|Total Fat (g)||65||65.29||100%|
|Saturated Fat (g)||10.6|
|Monounsaturated Fat (g)||14.92|
|Polyunsaturated Fat (g)||29.68|
|Omega-3 Fatty Acids (g)||1.6||3.01||188%|
|Omega-6 Fatty Acids (g)||17||26.54||156%|
|Total Fiber (g)||28||28.4||101%|
|Soluble Fiber (g)||6|
|Insoluble Fiber (g)||7|
|Vitamin A (IU)||3000||6850||10000||228%|
|Vitamin B6 (mg)||1.3||50.2||100||3862%|
|Vitamin B12 (ug)||2.4||50||2083%|
|Vitamin C (mg)||90||300||2000||333%|
|Vitamin D (IU)||600||1044||4000||174%|
|Vitamin E (IU)||20||37||1000||184%|
|Vitamin K (ug)||120||160||133%|
|Pantothenic Acid (mg)||5||50.4||1008%|
NOTE: This recipe has been replaced by People Chow 2.x. Please search for it in the Recipes. You can find it as well as my other recipes at http://diy.soylent.me/users/max . I will not be removing this version of the recipe, but it is no longer being actively maintained.
The goals of this recipe are:
Addressing point 1: all nutrients are accounted for and within the recommended ranges for an adult male 19 - 50 years of age. Adjust per your own nutritional requirements.
Addressing point 2: Everything can be purchased for less than the cost of soylent.me's product. ($8.50 / day) Additionally, I merely linked the easiest-to-find Amazon result for most products, leaving plenty of room for reducing the price further by shopping around.
Addressing point 3: A lot of nutrients that are not accounted for by makesoylent.com are included in this mixture. Everything from lycopene and creatine to vanadium and inositol are provided by this mixture. I make no claims as to the completeness or usefulness of these nutrients, but the idea is to cover any micronutrients that might be left out by a simpler mixture. Furthermore, I've tried to take into account some other factors that aren't considered by other "soylent" mixtures. For example, many mixtures choose maltodextrin as a primary source of carbohydrates. Maltodextrin, despite being technically classified as a polysaccharide has a very high glycemic load, being essentially a short-to-medium chain of glucose molecules. That can cause an undesirable spike in blood glucose and has been implicated in triggering hypoglycemic episodes and other metabolic disorders according to my amateur research. Because of that, I've resorted to using oat flour and pre-cooked masa (masa precocida) as primary sources of carbohydrates. I looked into a number of other flours: wheat flour can be dangerous if uncooked. Toasted wheat flour could be a viable possibility, but commercially available products are prohibitively expensive and requiring the user to toast their own wheat could make the recipe too inconvenient to adopt. Additionally, those trying to minimize gluten consumption might be deterred. Pre-cooked basic corn flour is another cheap alternative, but its glycemic load is somewhat high. I suppose this could be a quirk of the calculation of glycemic load and I might do some further research into that but in the mean time I've made the decision to use precooked masa. Toasted lentil flour or sprouted lentil flour are also viable alternatives -- and by all the data I can find, much much healthier on a number of metrics -- but it's been difficult to find detailed nutritional information about those particular forms of lentil flour. (Or any lentil flour for that matter.) I've also looked into other flours such as coconut flour and chia flour. Both have excellent nutritional profiles but can be expensive. Coconut flour, unfortunately, has a very high level of saturated fats. Another reason I chose to use multiple sources of complex carbohydrates is to provide a richer variety of micronutrients to the human body that might not be documented in the nutrition facts.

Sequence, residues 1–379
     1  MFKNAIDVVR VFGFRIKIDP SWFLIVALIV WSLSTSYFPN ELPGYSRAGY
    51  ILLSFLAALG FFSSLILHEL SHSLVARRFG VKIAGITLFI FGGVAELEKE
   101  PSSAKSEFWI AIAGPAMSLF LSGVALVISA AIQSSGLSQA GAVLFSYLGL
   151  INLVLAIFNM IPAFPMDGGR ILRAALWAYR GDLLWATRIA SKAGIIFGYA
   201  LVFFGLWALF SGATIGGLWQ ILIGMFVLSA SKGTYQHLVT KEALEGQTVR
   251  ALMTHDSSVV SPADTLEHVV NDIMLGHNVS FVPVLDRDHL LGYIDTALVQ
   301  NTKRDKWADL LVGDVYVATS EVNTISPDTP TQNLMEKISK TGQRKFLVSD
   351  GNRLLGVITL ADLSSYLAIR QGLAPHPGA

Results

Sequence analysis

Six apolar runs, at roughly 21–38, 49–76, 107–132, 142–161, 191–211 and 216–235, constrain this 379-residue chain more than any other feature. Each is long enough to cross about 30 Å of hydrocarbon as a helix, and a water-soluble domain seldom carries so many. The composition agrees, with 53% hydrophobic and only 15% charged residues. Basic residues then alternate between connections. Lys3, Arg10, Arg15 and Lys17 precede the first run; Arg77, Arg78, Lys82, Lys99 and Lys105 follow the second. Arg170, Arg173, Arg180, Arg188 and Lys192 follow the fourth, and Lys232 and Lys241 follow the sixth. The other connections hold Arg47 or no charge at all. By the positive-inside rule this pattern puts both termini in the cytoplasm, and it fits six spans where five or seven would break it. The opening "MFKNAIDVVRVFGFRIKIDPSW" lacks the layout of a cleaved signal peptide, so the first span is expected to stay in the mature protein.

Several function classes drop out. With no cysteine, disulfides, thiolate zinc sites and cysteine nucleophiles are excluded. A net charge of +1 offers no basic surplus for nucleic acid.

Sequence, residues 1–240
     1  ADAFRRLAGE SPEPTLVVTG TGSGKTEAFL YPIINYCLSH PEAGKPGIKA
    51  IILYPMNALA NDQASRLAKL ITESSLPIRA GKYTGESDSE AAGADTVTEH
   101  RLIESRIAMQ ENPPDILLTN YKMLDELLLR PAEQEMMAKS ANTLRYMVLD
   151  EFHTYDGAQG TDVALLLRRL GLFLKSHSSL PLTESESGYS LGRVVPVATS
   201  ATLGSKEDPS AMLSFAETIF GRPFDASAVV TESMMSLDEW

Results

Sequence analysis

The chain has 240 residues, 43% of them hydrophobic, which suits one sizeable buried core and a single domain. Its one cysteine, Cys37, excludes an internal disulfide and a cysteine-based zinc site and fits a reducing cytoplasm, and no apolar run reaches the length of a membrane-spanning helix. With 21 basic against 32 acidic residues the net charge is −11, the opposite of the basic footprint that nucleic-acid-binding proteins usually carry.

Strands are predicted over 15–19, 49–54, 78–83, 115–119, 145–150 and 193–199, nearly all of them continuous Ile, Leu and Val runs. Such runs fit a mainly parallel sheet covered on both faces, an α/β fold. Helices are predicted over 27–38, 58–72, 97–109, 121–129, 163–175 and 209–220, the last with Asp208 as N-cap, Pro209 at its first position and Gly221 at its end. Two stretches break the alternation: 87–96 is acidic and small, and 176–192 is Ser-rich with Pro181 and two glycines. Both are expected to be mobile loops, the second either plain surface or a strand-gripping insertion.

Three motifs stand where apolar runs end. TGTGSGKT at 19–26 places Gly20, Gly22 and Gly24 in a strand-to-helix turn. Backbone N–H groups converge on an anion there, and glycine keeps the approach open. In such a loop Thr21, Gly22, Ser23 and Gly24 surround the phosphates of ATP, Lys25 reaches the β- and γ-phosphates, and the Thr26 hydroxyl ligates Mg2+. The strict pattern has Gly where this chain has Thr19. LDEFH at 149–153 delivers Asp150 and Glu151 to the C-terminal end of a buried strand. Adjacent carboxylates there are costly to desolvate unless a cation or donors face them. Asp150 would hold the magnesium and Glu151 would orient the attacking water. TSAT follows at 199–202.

Addressing point 4: All ingredients save one may be purchased directly from Amazon via their links on this recipe. At a future date I will update the links to all ingredients to ensure they're pointing to the appropriate Amazon product, if possible. I tried to restrict the number of ingredients as well as the initial investment cost. All products except the oil come in powder form so they may simply be mixed without further preparation. The oil can be mixed in with the other powders, providing a meal-like texture. After that, I'd recommend refrigerating the semi-prepared mixture. It may have a shelf-life of several years before water has been added for all I know, but I'm not about to test that. You might consider experimenting with an emulsifier to improve the miscibility of the preparation, but I haven't gotten that far yet.
There is still room for improvement here. If you have any suggestions, please leave them in the comments.
I chose to allow high levels of niacin and chloride. This is because (1) it is not generally possible to overdose on niacin. You can experience a "niacin flush" if you take a tremendous amount of niacin in one sitting, but we're splitting this over at least three meals. (2) The chloride content in this recipe (and most of the recipes on this site) is actually much higher than given in the figures here. Because chloride is not generally included in nutritional labeling, it is quite difficult to measure accurately how much chloride would be present in this recipe. I do not know why the chloride amount here is limited to 3.6g. According to the references I found, despite the low UL on chloride, it is generally safe up to about 15g / day. http://www.healthsupplementsnutritionalguide.com/Chloride.html If you would prefer a lower-chloride alternative, consider replacing the potassium chloride in this recipe with potassium gluconate or potassium citrate.
The most surprising thing to me about this recipe is it's actually quite tasty. The salt flavor comes through and I've been contemplating reducing the salt and choline for my personal purposes, but I kind of expected it to taste awful. It's not. It's got a mild, slightly sweet taste that isn't bad.